No doubt this is all part of a face saving exercise for the benefit of Capital Fortunes customers. I hope it doesn't back-fire on them and they find that their customers are as trigger happy with lawyers as they are.

  9. Anonymous Coward
    Anonymous Coward

    If only the world worked like this...

    Could someone please advise where I purchase one of those SLA house purchases with punative service levels on mortage brokers, estage agents & solicitors - such that the period of 10 days is materially damaging to my completion of sale - so that between placing an offer on a property, to receiving a mortagage offer all the way through to completing the sale that this process can happen in such a short period of time.

    As someone selling a property I fear my experience must be unique in terms of the frustration and endless delays as months roll past. I never realised that these prossesional bodies with the stewardship of my house sale were all bogged down in IT and Comms problems and this is why I still havent moved house.

    I fully applaud this move by this group of industry professionals in recognising the needs to provide service garantees to consumers moving house with teeth that can bit them in the arse when they yet again get it wrong as seems to be the case month in month out.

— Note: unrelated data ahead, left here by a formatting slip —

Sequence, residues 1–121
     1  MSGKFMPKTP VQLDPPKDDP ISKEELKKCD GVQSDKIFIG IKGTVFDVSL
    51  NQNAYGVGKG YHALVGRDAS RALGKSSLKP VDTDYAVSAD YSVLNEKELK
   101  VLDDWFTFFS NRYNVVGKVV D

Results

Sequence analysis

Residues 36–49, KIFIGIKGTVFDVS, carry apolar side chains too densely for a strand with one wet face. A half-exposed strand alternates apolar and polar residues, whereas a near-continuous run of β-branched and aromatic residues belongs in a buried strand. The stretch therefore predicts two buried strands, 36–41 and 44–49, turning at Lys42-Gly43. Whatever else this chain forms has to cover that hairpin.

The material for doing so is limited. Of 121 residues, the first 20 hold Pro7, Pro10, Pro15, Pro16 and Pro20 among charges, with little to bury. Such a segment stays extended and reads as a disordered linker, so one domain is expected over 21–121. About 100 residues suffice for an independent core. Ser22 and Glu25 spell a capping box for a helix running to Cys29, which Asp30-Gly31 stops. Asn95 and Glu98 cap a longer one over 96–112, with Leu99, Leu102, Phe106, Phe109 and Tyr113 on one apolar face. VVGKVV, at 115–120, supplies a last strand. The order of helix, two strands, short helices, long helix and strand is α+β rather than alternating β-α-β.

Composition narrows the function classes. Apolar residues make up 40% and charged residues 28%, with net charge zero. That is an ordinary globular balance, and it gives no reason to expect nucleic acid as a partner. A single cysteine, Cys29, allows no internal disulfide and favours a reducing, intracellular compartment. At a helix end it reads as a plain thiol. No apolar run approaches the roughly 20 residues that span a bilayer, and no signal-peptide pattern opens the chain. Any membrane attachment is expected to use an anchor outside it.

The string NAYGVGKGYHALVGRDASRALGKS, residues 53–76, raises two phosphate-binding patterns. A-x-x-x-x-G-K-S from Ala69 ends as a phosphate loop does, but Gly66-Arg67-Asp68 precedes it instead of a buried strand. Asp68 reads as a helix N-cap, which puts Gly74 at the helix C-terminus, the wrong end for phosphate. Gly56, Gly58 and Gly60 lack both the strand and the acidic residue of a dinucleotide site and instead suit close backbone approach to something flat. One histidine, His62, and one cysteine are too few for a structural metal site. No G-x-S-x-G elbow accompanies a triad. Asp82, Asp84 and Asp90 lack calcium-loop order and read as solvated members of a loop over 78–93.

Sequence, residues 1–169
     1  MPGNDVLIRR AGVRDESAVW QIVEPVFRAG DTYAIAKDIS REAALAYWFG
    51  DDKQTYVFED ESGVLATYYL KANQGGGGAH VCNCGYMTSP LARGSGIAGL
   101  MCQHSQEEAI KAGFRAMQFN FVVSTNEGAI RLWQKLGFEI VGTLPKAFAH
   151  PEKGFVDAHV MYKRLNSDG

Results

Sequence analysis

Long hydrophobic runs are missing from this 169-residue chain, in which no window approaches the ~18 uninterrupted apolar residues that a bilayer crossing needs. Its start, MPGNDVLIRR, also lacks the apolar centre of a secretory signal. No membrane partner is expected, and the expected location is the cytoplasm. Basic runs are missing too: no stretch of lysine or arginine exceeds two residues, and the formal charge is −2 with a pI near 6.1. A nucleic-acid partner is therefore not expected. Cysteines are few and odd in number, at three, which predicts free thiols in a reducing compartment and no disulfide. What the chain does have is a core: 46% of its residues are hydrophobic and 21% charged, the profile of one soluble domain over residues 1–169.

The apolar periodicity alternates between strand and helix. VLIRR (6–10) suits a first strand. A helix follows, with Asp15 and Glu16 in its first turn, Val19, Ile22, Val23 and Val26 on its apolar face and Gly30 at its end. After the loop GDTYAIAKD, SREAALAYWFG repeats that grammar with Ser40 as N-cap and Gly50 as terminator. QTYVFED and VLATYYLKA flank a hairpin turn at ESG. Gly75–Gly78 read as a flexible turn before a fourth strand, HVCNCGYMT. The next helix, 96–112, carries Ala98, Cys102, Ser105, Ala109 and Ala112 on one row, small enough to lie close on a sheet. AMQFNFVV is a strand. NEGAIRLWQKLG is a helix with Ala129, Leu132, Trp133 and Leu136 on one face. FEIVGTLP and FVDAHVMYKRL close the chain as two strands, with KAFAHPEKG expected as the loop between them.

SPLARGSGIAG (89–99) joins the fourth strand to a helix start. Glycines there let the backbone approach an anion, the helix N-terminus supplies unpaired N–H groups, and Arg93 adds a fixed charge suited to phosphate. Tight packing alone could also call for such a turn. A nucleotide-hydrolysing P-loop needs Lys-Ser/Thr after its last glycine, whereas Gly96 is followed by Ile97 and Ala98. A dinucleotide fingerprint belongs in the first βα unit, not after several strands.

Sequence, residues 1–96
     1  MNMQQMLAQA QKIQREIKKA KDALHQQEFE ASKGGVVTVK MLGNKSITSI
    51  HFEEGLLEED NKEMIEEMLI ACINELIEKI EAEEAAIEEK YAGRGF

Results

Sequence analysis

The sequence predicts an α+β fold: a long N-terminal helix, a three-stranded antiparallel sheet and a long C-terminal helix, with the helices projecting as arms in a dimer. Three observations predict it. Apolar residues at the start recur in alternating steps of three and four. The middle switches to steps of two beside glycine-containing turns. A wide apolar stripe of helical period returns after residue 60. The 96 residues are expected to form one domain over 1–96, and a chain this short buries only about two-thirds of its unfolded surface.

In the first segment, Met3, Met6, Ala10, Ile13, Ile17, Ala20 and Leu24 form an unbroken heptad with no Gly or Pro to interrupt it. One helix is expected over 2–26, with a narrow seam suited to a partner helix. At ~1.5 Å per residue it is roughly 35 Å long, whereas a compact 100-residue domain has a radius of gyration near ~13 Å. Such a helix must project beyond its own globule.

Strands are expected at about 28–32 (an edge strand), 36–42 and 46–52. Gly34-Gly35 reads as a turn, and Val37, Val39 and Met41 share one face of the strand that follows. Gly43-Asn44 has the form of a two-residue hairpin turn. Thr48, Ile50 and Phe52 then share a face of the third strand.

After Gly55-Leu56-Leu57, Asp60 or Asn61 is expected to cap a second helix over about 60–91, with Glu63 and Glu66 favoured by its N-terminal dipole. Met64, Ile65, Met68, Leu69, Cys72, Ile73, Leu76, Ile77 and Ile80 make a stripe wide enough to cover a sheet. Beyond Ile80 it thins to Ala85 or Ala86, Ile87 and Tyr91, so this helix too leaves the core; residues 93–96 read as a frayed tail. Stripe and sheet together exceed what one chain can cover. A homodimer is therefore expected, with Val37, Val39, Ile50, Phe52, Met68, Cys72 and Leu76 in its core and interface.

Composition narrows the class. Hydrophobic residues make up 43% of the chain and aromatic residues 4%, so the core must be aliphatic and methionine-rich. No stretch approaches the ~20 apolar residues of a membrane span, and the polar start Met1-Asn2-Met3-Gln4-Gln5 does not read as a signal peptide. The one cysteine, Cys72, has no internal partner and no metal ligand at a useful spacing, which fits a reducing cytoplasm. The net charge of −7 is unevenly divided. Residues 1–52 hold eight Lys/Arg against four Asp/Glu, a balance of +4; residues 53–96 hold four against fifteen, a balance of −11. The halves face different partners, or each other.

In the expectent hope of completing my sale in the next 10 days.

    Ha, get real you idiots - you get what you pay for - so many times we hear of businesses paying tupance hapenny that wont even take out enhanced care on their lines because it costs too much - but oh when it goes wrong how it is jepodising the million dollar deal. And how they are going to sue everyone because they play golf with the a senior BT manager and want their broadband fixed this afternoon.